It’s an old cliché that Catalan-language books are not translated to English. And like many clichés, it was mainly true. In the 1980s and ’90s, only a handful of novels translated from Catalan to English were published commercially. Since 2005, the landscape has changed: Sánchez Piñol, Jordi Coca, Monzó, Maria Barbal, Teresa Solana are just some of the writers translated in recent years. And now, in 2013 a dozen books are appearing in English translation: contemporary works, like Francesc Serés’ Russian Tales or Najat El Hachmi’s The Body Hunter, and classics of twentieth-century literature, such as Joan Sales’ Uncertain Glory, Josep Pla’s The Gray Notebook and Mercè Rodoreda’s In Diamond Square.
Peter Bush, Barcelona resident and translator of all five above-mentioned books, told me how this eruption of Catalan literature into English had come about."It’s to do with the higher profile that Catalonia now has politically. And it’s to do with the Ramon Llull Institute, their presence at the London Book Fair and Frankfurt, especially when Catalonia was the featured country in 2007. The Llull has also invited English-language publishers to Catalonia and of course provides funds for translation."
Peter Bush has been translating from Spanish to English for nearly 30 years. Former Director of the British Centre for Literary Translation at the University of East Anglia, he is particularly known for translating a dozen Juan Goytisolo books. Recently he has been doing more from Catalan and has chosen to turn down commissions for books from Spanish. This year he has ten translated books coming out, nearly all from Catalan. "People say to me, how can you translate 10 books in one year? And the answer to that is I haven’t. Some of the translations, like The Gray Notebook, I’ve been working on for two and a half years."
In March 2013 his new version of Rodoreda’s In Diamond Square came out. It’s the third translation into English, following Eda O’Shiel’s, published by Diana Athill at André Deutsch in 1967, and David Rosenthal’s in 1980. "There’s a view that translated literature is difficult, but there’s no reason why. Rodoreda is a very accessible and down-to-earth writer. A book’s success depends on reviews and publishers’ ability to get it into bookshops."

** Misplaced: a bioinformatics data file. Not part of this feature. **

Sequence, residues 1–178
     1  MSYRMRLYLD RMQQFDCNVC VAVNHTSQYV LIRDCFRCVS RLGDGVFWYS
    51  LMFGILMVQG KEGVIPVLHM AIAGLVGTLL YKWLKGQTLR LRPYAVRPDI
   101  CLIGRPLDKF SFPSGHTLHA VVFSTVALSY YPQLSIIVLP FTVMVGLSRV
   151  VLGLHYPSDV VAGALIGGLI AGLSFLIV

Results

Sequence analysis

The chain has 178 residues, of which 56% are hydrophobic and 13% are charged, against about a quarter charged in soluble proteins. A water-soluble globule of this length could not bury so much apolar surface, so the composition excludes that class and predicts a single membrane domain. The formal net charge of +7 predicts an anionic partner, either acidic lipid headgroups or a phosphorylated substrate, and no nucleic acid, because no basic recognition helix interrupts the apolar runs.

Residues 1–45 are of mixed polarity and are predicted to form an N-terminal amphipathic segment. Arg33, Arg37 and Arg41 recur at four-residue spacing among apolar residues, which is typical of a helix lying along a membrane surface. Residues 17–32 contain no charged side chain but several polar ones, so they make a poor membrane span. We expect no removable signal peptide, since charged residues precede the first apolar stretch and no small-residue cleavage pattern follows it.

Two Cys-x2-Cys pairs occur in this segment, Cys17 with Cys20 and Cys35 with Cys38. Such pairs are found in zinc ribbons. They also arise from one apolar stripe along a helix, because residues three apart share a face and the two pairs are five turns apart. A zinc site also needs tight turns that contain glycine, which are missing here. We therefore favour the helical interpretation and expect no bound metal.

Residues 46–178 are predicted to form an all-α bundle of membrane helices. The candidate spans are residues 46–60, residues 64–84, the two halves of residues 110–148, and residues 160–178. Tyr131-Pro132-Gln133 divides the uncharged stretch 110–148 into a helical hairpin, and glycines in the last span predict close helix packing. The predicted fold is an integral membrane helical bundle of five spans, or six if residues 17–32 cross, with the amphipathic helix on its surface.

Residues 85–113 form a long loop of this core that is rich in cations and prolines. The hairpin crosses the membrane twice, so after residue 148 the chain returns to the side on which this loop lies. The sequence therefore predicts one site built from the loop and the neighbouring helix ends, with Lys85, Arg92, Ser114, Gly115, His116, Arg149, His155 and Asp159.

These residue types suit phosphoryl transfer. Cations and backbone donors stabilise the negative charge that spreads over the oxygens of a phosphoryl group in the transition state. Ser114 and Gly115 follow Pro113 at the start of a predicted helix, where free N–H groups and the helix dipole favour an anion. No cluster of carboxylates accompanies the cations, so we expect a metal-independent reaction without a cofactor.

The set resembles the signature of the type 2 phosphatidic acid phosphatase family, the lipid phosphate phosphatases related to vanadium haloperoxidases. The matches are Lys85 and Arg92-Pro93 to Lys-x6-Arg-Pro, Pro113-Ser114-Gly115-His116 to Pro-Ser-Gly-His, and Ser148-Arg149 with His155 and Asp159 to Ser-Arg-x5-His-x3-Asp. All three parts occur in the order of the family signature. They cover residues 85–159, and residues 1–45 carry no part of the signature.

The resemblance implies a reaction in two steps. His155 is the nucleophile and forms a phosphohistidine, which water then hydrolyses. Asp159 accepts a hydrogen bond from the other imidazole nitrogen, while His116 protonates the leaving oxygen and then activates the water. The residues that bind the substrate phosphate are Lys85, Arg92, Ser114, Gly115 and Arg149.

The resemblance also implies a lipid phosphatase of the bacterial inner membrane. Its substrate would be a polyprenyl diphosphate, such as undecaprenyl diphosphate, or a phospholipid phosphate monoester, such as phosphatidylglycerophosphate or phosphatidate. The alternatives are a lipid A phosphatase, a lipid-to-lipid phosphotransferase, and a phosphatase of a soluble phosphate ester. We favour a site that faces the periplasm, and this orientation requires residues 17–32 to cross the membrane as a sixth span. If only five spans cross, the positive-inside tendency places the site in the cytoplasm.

Matthew Tree reported that, on a Pedrolo book offered to a London publisher in 1979, the reader had scrawled: "Simply no readership here for regional literature". Inevitably, books in Catalan have been ignored in the English-speaking world even more than books from strong, state-backed languages such as Spanish or French. Bush comments: "When it comes to Catalan culture, fewer are familiar with it. It is a whole process of persuading, cajoling the English-speaking world that this is something that ought to be out there." He does not mention it, but his own prestige, enthusiasm and proposals have also been key factors in this mini-boom in translation.
I wondered how hard it was to catch the narrator Natàlia’s unique voice in In Diamond Square. "The right voice is key to any successful translation. I prepared myself by reading several novels about the working-class from the 1930s or Alan Sillitoe, whose characters speak non-standard English. I read Vassily Grossman’s Life and Fate for the impact war has on ordinary people. And I drew on my own experience: my mother lived six years through the Second World War with my father away and later she never stopped talking about it." Impressed, I asked him if he always prepares translations so thoroughly. "With books that are really original, I try to read round them. Translators are important gatekeepers, especially when ushering the literature of a ‘minority’ culture into the space of world literature."
Peter has just completed The Gray Notebook for the New York Review of Books. Had he researched the background as thoroughly as for In Diamond Square? "I really didn’t feel it was necessary. I know a wide range of early 20th-century English writing and felt I was pretty well grounded in that, so I didn’t do any specific reading for Pla. Then again, there’s no-one quite like Pla. The Gray Notebook is one of the most original pieces of autobiographical writing in European literature."